Conservation Corner

Apr 10


The original item was published from April 10, 2020 12:05 PM to April 15, 2020 3:02 PM

It all started with Community Gardens: 
Du Ly, seen here at our annual Volunteer Appreciation Potluck, is a dedicated member of the Chùa Phuóc Huê Vietnamese Buddhist Temple and the host of our County’s newest community garden. Ly has helped at many different events and cross-cultural experiences that Harvest Pierce County has partnered on.

Harvest Pierce County celebrates a decade of success in urban agriculture since 2010, increasing the County’s total community garden count from 8 to 83. Though some of our County’s 83 gardens are on municipal land, there are nearly 50 different property owners that have community gardens. Each garden is a unique entity with its own leadership structure, its own set of agreements with the property owner, and its own set of relationships in the community. As such, community gardens are powerful points of connection in today’s society. With ever increasing ways to connect remotely in online groups and social media networks, gardens remain a place where people connect side-by-side and face-to-face. Having seen these connections proliferate throughout the past decade, we at Harvest Pierce County know that our work wouldn’t be possible without strong partnerships. 


Another example of how we work through partnerships is our Gleaning Project, which saves backyard orchard fruit from entering the waste stream and landfills by bringing it to food banks and community food projects. Of the hundreds of gleans that happen in a season, every single one is in partnership with homeowners, landowners, or farmers who trust our Branch Leaders to respectfully glean produce that can’t make it to market from their properties. 

Many of our County’s fruit trees were planted long before you could do your grocery shopping online and have it sent straight to your front door. Likewise, many people moving to our County inherit a backyard of fruit trees they did not plant themselves, so they don’t have caring for the
Gleaning or Community Days photo
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trees and preserving their bounty as a part of their seasonal routine. Our volunteers fill in these blanks, and in partnership with property owners, the County becomes not a patchwork of individually owned trees so much as a community orchard that can come together and feed the whole community. 

Through the Gleaning Project, the relationship between people and fruit trees is available even to volunteers who do not own their own land. In this way, people can expand their feeling of connection to our County through food, transcending the boundaries of their own yard or community garden plot. 

Looking Ahead:

As local government, we consider it especially important to be responsive to everyone in the County. We know that the best solutions are in partnership with the community, because people affected by the problem know best how to solve it. From a conservation perspective, we also know that people will defend what they love. Growing food and medicine is a reciprocal act of care that nourishes oneself, one’s family, and one’s community, and as such is a way of falling in love with the land around us.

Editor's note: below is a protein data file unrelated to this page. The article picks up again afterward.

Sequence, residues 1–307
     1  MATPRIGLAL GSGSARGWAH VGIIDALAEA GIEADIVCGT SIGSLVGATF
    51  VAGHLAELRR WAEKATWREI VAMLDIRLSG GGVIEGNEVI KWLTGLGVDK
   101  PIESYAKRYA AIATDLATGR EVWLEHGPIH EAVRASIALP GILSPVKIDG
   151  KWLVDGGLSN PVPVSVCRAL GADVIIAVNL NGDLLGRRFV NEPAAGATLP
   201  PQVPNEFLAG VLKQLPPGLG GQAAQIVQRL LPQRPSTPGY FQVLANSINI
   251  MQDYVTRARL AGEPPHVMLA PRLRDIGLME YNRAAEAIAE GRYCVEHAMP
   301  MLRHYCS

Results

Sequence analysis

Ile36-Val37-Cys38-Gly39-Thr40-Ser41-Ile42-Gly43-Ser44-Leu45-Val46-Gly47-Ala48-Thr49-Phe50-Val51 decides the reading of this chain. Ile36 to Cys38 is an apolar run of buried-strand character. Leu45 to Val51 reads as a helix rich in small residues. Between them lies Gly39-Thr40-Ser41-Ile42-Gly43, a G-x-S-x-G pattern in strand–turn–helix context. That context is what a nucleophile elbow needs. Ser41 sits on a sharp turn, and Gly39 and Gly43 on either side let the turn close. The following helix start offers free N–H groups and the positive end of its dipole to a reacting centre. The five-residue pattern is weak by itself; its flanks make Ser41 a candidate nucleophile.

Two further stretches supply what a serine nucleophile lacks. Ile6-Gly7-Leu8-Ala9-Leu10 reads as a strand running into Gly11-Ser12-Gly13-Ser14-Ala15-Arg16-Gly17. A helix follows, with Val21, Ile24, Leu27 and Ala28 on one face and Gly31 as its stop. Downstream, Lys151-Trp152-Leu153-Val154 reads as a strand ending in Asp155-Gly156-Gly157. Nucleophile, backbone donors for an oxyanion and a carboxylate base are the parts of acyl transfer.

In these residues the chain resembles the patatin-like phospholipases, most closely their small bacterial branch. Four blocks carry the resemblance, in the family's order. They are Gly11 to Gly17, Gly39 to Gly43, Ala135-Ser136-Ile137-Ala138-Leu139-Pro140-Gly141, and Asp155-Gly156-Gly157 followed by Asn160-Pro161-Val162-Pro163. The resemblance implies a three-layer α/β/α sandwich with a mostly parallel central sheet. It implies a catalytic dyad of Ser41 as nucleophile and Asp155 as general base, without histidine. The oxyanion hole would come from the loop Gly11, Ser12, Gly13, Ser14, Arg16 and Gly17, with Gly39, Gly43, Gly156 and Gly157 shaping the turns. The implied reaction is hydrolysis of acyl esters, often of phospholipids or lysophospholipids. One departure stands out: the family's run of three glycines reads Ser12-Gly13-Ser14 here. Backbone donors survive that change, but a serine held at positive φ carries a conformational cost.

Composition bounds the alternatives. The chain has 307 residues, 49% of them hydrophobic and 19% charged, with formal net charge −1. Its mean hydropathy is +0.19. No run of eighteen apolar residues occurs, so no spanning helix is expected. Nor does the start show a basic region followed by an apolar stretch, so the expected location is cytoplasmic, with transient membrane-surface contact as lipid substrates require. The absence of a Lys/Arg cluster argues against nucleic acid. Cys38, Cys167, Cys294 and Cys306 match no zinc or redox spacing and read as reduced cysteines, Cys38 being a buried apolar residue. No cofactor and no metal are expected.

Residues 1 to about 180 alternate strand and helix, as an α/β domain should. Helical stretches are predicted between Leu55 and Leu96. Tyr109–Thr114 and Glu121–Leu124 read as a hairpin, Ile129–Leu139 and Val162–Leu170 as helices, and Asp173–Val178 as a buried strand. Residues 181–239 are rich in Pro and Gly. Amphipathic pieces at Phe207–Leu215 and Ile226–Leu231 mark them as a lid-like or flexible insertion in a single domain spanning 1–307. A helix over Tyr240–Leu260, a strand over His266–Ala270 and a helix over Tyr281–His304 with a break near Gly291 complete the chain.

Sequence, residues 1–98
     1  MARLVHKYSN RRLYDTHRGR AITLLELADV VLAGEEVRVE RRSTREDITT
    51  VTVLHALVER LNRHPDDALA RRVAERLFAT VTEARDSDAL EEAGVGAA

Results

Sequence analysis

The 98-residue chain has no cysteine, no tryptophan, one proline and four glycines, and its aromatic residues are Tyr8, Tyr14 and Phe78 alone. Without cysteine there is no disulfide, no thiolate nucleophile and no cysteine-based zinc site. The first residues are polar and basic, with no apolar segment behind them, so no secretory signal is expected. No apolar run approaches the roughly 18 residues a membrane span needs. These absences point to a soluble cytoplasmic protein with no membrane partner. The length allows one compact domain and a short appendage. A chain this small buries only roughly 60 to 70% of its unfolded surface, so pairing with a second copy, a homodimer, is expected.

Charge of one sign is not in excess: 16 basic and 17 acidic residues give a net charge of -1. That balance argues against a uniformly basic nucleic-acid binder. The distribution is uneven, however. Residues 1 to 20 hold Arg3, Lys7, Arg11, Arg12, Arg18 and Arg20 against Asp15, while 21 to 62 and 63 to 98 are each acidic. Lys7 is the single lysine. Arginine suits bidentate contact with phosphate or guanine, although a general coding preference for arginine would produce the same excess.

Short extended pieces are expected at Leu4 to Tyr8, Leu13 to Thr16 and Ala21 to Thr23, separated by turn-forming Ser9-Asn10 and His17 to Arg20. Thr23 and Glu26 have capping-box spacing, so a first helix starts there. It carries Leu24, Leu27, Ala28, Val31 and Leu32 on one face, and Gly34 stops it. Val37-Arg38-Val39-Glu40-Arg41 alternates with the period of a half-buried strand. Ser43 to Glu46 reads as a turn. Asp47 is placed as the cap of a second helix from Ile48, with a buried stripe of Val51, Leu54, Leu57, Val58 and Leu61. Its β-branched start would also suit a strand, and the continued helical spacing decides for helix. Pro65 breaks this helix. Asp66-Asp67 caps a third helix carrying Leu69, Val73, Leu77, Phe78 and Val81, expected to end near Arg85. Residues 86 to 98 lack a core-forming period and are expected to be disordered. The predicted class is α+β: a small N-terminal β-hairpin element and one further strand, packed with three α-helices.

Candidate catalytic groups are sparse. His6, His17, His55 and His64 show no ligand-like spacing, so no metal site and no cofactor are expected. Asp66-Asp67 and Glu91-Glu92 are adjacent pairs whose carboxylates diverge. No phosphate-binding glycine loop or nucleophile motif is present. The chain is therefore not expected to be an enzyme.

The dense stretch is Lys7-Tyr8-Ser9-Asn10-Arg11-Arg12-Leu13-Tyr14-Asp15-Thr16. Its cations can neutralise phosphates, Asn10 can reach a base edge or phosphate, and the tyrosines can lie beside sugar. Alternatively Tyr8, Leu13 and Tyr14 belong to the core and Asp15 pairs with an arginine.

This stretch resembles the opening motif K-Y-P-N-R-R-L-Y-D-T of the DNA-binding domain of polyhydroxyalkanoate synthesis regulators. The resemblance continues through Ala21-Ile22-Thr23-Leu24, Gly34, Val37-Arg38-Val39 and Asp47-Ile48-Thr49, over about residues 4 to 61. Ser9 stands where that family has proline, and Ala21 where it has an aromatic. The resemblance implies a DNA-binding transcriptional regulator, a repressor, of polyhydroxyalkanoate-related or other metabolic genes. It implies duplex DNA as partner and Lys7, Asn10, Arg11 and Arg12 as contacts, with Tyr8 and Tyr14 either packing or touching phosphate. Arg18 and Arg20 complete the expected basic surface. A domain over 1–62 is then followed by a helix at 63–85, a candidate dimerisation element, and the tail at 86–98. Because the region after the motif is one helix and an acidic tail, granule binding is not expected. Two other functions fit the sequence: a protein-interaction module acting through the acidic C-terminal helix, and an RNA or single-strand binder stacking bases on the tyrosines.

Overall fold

Engaging everyone across our diverse County is always going to be a challenge - but it is a challenge that makes our programming better. The more we try to reach out to our community across differences, the more we make sure our programming directly reflects and serves our constituents. 
Gleaning photo 1 
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In 2016, we received support from the National Association of Conservation Districts to make sure our programming is more inclusive to people who have Limited English Proficiency (LEP). Today, we maintain a robust Cultural Ambassador program that has transformed our programming to include Spanish, Vietnamese, Korean, Khmer, Russian, Ukrainian, and Moldovan communities. Through developing a system that supports multiple languages, we have grown a network of important and trusting relationships with community members who were previously unable to connect with us, and getting to know their lives and priorities has allowed us to develop much more relevant programming. In 2016, there were only 5 gardens in our program where LEP participants were gardening. We’ve nearly tripled the number of gardens with LEP community members to 14 in 2019. We have not only institutionalized the program within our urban agriculture program but have also supported the spread to other District teams. Our Pierce Conservation District Farm team has recently launched a Cultural Navigator program to engage and support Latino farmworkers in implementing sustainable farming practices.

This year, we have once again received support from the National Association of Conservation Districts to build upon this original work by expanding upon new relationships with local indigenous communities, including Northwest Tribes and other immigrant indigenous communities from South and Central America that live in our County. We have been building relationships for several years now and are connecting to develop a new urban agriculture site that will serve as a place for local indigenous communities to come together and connect to each other and to the land through sustainable agriculture and land stewardship. 

In many ways, these projects represent the flowering of deep-rooted relationships we have built over the past decade that involve both institutional and community partners, and we are excited for what lies ahead.